The days of innocence have long gone. Image: Maxel.
The growth of the internet created a central nervous system which ultimately linked pretty well every computer and every data base to the world. It brought three problems.
1. How can you look at it?
2. How can you find anything?
3. How can you stop everybody pinching your stuff?
The Graphical User Interface solved 1. Computers and systems were walled off and protected by virus protectors to deal with 3. But 2 has a more interesting story for civilians.
At first search engines like Alta Vista offered human driven searches in which real people went on the hunt for information. As the system grew, that became ridiculous. Then we had the miracle of Google, the search engine which sent its spiders out all over the system, constantly indexing until we could find the most extraordinary things in the blink of an eye. The education of your GP? Train timetables in Sweden? Academic papers in Botswana? Done before you finish the thought.
Google began as a research project at Stanford University by Larry Page and Sergey Brin, which they turned into a private company in 1998. They had some angel investors, grew to include venture capitalists, and soon tried to sell the company for US$1m – but could not find any takers.
For us Google started off as this mysterious benefactor from the future, promising a world of connection and generosity, where decency would flourish. Its slogan was ‘Don’t be evil’ and it committed itself to ‘organize the world’s information and make it universally accessible and useful’.
In 2004 it held an Initial Public Offering, which raised US$1.67b. A lot of smarties could see that the public interest function of building the world’s filing cabinet could be worth a lot of money.
At that moment, Google changed the screen and publishing world forever. In 2005, the Washington Post reported Google’s third quarter profit.
Google Inc. yesterday reported a 700 percent increase in third-quarter profit, as a growing number of Fortune 500 companies and other firms around the world shifted their ad spending from newspapers, magazines and television to the Internet…
..”The engine driving our economic prosperity is this big sea change transitioning off-line [advertising] dollars to online,” Google Vice President Jonathan J. Rosenberg said in a conference call with analysts. “You will see continued growth.”
..While Google reported third-quarter revenue of $1.6 billion and profit of $381.2 million, the New York Times Co. reported revenue of $791 million and profit of $23.1 million.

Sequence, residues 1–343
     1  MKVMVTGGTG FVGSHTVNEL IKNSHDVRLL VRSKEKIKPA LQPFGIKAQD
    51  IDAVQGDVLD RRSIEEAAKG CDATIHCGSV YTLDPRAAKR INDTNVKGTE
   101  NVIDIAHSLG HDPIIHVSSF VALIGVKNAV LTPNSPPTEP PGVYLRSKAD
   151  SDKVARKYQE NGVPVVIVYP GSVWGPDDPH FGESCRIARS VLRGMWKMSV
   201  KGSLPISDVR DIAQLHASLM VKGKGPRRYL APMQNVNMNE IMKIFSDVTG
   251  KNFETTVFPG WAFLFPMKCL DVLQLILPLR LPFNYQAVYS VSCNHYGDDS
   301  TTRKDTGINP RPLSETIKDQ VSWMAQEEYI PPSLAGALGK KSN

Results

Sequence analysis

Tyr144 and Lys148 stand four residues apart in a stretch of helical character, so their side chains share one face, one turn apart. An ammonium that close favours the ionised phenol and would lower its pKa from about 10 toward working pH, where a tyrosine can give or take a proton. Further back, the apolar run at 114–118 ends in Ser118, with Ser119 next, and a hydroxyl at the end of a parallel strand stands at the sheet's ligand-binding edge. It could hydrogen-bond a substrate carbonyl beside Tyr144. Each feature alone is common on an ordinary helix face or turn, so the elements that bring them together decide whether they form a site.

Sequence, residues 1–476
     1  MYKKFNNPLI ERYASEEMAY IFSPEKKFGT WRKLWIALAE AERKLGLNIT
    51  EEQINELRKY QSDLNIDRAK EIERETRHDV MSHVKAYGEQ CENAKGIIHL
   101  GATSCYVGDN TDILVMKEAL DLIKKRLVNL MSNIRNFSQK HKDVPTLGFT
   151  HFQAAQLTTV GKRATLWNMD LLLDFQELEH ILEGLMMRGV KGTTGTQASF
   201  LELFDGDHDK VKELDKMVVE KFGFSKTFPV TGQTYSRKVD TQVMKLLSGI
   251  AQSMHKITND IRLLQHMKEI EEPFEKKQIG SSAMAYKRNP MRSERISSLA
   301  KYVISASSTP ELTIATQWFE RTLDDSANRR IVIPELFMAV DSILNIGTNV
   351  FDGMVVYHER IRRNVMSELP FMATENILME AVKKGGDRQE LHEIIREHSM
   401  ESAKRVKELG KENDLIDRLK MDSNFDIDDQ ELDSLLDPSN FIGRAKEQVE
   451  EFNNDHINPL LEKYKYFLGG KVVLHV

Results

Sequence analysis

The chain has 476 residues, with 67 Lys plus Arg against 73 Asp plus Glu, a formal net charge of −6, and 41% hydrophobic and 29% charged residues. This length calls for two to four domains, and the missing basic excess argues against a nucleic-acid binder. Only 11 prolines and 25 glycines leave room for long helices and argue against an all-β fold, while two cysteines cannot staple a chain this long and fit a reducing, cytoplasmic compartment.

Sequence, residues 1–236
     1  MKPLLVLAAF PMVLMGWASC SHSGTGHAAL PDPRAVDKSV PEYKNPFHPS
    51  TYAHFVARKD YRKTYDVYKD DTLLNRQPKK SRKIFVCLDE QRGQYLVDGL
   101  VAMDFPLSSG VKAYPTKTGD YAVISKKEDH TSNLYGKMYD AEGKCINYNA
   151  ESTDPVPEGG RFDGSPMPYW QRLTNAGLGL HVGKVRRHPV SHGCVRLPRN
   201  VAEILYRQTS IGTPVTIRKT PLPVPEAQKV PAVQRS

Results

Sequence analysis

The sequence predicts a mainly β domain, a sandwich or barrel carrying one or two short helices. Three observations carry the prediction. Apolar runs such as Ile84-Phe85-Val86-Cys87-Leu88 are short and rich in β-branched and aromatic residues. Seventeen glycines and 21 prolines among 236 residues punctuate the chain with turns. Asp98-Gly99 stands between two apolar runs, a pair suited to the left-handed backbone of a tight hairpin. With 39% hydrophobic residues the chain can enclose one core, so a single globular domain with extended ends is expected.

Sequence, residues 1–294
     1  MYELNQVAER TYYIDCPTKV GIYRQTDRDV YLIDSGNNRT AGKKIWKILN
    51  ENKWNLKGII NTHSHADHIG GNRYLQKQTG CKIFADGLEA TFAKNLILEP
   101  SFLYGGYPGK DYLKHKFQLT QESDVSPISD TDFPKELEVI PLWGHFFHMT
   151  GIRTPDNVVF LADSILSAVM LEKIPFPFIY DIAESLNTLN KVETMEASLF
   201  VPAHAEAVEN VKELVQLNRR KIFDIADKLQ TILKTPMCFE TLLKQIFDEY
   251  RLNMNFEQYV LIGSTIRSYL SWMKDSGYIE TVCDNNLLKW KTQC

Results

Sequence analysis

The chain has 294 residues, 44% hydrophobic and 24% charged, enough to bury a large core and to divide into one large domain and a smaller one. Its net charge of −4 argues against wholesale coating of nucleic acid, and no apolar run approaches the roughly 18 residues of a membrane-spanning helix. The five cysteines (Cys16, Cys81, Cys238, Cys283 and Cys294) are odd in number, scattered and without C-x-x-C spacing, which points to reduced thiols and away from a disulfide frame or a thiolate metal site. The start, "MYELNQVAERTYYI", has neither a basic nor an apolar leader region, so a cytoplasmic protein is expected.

Those mild ads on the side of the page were triggered by an online bidding system. Search Engine Optimisation became a thing. Crooks dumped huge amounts of fake stuff online to harvest clicks and game the system. To Google, the garbage made people eager to buy their place at the head of the queue, and the ads moved centre page…
Now Google’s net worth is said to be worth US$279.3b, manages 3.5b searches per day, while parent company Alphabet made US$32b in the last quarter, and grew at the rate of 26%. Even so, Microsoft is worth more than Google.
Of course Google has been diversifying like crazy and its income come from sources like Youtube and Android as well, so the indexing and search business is not the only source of the above figures. But it seems that Google earns 90% of its revenue from advertising. No wonder everyone else is feeling the pain.
All this is by way of preamble. I wanted to showcase a single paragraph from Shelly Palmer, which describes the current state of the service really well.
P.S. For those who are wondering about Google search results. Google is not a search engine, it is a highly specialized direct response advertising engine purpose-built to translate the value of “intention” into wealth for Google (Alphabet) shareholders. It is optimized to put the right ad in front of the right person at the right time. In other words, it is “rigged” to optimize revenue – all other considerations are secondary.
Now you know why it looks like such a shambles. The received wisdom is that people expect to get their results on the first page and no-one goes past page three. The system works much better if we want specialised information using search terms with very few hits.
However, there are other forces at work. Most keepers of archives now see themselves as owners of data, and have brought the dread word monetise into their weekly meetings. Fair enough, because the material costs money to create and maintain. We value our work like this as well; it is one benefit of being a subscriber.
Ten years ago, Google worked much better for journalists. We could find both the background to stories and the various ways it was seen from different points of view. Now we need a fair swag of subscriptions to do this and our readers can’t access the articles we use.
There is one fine thing about this mess. At first, Google seemed to abolish the skills of research as anyone could punch in a term and cut and paste. These days the paths to important sources have become more intricate and we have gone back to a super powered version of the traditional skills. If you want something, where is it likely to be? What the paths inside? What classes of people does it want to let in? What about Facebook and Twitter?
A little ingenuity helps. Just two examples. Searching via Google Images reveals a different set of sites, without some of the garbage. And the abstracts of research papers provide a list of authors which can be googled in turn, so you radiate out to the whole field.
There is still an enormous amount on Google; it is just that the universal, comprehensive and benign dream is dead.
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